Just 27 minutes or so of this album is devoted to Dimitri Tiomkin's complete score from Howard Hawk's production, The Thing from Another World (RKO, 1951). This is, however, landmark music in the sci-fi genre and an important Tiomkin score. The film was a paranoid, science fiction thriller set in the Arctic wastes. Its non-star cast was headed by Kenneth Tobey, Dewey Martin and 6'7" James Arness as the shape-changing monster.
Tiomkin scored and assisted in judiciously spotting the picture as it was being shot allowing him to compose his own cues (music, after the opening credits, was only used when the monster is seen or its presence implied). Tiomkin's scoring, using where appropriate, unnerving atonality, is trenchant and wholly effective adding a sense of nervous tension and terror. (Yet it is maintained that Tiomkin disliked the music and never again wrote for films of this genre: he preferred creating beautiful melodies rather than bellicose sounds. But The Thing… remains one the most popular and seminal science fiction film scores.)
The Main Title music opens with a proud military march which is quickly overcome by chill music for the Arctic and eerie measures depicting the menace from outer-space. Woodwinds and piano runs characterise the snowstorm while theremin and bursts of growling brass propel the concept of the invading space creature. This material spreads over the 'Flying Saucer Sequence I' (it is blasted out of the ice after having lain dormant there for 20 million years). In Flying Saucer Sequence II, the music grows evermore menacing and atonal, warning of the terrible danger the men are to unleash. This track is a veritable tour-de-force of scary sci-fi scoring. Tiomkin's 'Melting Sequence' music, all snaking, mysterious tones, theremin to the fore, screws up the tension still further as the ice melts to release the monster. The 'Greenhouse Sequence' scoring is another highlight - very creepy music for the scene in which then party's 'mad' scientist feeds the monster's reproductive pods with plasma in a misguided bid to further the interests of science. 'Plasma' and 'Plasma Plants' are further eerie cues imaginatively using piano, theremin and softer but even more menacing growling brass staccatos.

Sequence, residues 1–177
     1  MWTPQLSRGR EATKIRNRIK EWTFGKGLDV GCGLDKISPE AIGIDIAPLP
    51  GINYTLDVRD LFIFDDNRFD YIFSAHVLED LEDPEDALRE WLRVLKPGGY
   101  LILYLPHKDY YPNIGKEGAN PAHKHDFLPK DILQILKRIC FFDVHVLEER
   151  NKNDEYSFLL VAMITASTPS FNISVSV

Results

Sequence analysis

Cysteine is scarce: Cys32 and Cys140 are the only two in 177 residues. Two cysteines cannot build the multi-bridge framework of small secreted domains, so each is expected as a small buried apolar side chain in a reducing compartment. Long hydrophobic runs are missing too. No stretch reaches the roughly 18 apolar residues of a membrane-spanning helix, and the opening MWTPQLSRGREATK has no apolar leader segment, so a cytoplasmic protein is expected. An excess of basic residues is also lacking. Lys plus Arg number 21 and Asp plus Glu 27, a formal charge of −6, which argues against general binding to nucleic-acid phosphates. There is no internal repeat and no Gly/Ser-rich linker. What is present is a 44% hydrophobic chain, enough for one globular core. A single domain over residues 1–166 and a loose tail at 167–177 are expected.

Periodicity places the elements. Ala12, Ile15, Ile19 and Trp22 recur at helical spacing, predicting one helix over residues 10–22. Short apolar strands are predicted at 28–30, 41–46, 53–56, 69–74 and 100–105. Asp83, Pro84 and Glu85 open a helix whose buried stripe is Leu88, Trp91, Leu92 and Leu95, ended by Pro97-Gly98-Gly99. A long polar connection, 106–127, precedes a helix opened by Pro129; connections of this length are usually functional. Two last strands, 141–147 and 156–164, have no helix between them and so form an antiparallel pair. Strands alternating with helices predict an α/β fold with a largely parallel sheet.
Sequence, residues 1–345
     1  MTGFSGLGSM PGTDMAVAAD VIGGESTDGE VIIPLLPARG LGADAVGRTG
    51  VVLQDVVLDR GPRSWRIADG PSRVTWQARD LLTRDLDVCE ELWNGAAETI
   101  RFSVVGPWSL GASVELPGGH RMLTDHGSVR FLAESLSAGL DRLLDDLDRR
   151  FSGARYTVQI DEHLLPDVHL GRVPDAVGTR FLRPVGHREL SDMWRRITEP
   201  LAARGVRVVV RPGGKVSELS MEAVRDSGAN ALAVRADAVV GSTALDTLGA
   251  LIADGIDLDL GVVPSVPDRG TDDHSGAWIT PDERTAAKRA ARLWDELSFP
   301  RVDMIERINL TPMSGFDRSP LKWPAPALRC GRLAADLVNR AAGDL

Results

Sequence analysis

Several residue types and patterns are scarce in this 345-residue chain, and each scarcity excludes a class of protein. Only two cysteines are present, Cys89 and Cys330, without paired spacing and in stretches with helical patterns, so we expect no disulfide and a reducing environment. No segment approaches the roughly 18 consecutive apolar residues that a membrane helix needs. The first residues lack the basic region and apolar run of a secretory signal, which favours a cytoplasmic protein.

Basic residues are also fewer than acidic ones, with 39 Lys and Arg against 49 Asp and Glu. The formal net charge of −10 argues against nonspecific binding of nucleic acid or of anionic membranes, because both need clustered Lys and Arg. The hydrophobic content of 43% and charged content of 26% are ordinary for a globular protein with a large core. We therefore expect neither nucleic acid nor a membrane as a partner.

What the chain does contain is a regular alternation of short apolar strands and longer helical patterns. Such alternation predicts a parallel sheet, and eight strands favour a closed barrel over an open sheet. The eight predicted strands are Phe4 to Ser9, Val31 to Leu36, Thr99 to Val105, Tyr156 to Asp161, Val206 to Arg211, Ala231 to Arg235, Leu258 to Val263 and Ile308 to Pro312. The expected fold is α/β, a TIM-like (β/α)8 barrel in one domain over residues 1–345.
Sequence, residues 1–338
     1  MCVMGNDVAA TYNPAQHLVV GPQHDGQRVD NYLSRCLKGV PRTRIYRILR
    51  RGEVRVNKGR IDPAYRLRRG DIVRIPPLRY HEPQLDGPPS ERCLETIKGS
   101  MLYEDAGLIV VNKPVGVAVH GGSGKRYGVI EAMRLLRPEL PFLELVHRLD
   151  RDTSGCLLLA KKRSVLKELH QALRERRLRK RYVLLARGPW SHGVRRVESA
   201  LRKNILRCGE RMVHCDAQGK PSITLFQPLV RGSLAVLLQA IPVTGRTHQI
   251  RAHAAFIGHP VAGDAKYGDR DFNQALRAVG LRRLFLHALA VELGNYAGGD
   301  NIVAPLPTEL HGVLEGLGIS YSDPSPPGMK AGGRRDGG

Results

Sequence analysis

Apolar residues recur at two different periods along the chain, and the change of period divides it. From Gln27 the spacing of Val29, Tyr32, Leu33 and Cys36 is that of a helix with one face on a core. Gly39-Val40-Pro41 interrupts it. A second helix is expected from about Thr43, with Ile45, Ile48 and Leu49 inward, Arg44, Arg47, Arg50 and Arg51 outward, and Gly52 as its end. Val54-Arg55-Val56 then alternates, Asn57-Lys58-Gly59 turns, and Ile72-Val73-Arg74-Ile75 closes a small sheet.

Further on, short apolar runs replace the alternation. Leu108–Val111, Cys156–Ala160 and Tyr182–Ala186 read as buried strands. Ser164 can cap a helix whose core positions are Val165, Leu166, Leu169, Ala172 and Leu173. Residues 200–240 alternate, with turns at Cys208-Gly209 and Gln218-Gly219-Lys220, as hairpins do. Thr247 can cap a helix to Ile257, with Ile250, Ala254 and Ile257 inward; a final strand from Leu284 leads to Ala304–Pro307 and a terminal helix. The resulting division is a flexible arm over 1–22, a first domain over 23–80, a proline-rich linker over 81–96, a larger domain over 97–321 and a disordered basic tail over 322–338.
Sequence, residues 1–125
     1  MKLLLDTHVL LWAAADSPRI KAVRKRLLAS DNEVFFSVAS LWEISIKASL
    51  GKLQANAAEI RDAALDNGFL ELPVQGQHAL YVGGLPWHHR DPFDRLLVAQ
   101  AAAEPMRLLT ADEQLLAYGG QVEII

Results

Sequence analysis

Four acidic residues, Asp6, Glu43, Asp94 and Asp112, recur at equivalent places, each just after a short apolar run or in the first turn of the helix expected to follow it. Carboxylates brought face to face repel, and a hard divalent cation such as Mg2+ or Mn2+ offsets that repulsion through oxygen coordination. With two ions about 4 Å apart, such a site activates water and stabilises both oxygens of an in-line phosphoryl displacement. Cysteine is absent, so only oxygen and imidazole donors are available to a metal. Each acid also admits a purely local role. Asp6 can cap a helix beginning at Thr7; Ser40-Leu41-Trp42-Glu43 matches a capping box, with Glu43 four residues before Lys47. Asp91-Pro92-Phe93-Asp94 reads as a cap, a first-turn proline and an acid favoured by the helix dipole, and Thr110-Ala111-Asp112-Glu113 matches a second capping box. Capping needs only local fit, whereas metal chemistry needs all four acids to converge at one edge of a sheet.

These Film Score Monthly transfers are from the composer's personal acetate collection and this is the first-ever release of the original soundtrack. Tiomkin enthusiasts may recall that Charles Gerhardt recorded portions of the score in an altered orchestration for the final miscellaneous film scores LP in his Classic Film Scores series for RCA (never to my knowledge transferred to CD format).
The album mainly comprises music for the relatively obscure 1953 M-G-M war film Take the High Ground that starred Richard Widmark, Karl Malden and Elaine Stewart The stereo sound quality is much superior.
As was so often the case, Tiomkin's superior music lifts an otherwise mediocre film. As befits a war film there are urgent, energetic - sometimes sinister - rhythms and cross-rhythms, and those Tiomkin-trademark, heavy dominant bass ostinati. The Main Theme march is memorable (perhaps over-repeated here) and its lyrics sung by a men's chorus sets an uplifting patriotic note in its tribute to the U.S. Infantry serving in Korea (although the film's action is based at a basic training camp in the U.S.A.). There are also moments of comic braggadocio and a tender theme for 'Julie' that dominates the film's subplot. Its tune would not disgrace any leading pop-chart romantic ballad of its day. It is, of course, subjected to some interesting and varied dramatic variations according to the subplot development. A sprinkling of tenderly harmonised source music (such as 'Home on the Range') serves in scenes where the platoon receives mail to remind the soldiers of loved ones at home.
The album booklet notes are up to Film Score Monthly's usual high standards. Quite rightly the majority of its 24 pages are devoted to the superior The Thing… score. Much detail is devoted to the production of the film, its difficulties and challenges together with over twenty photographic stills including a montage of shots showing the development of the monster design. Added to all this, are the usual track-by-track analyses.
First-rate Tiomkin. A must for all of the composer's fans.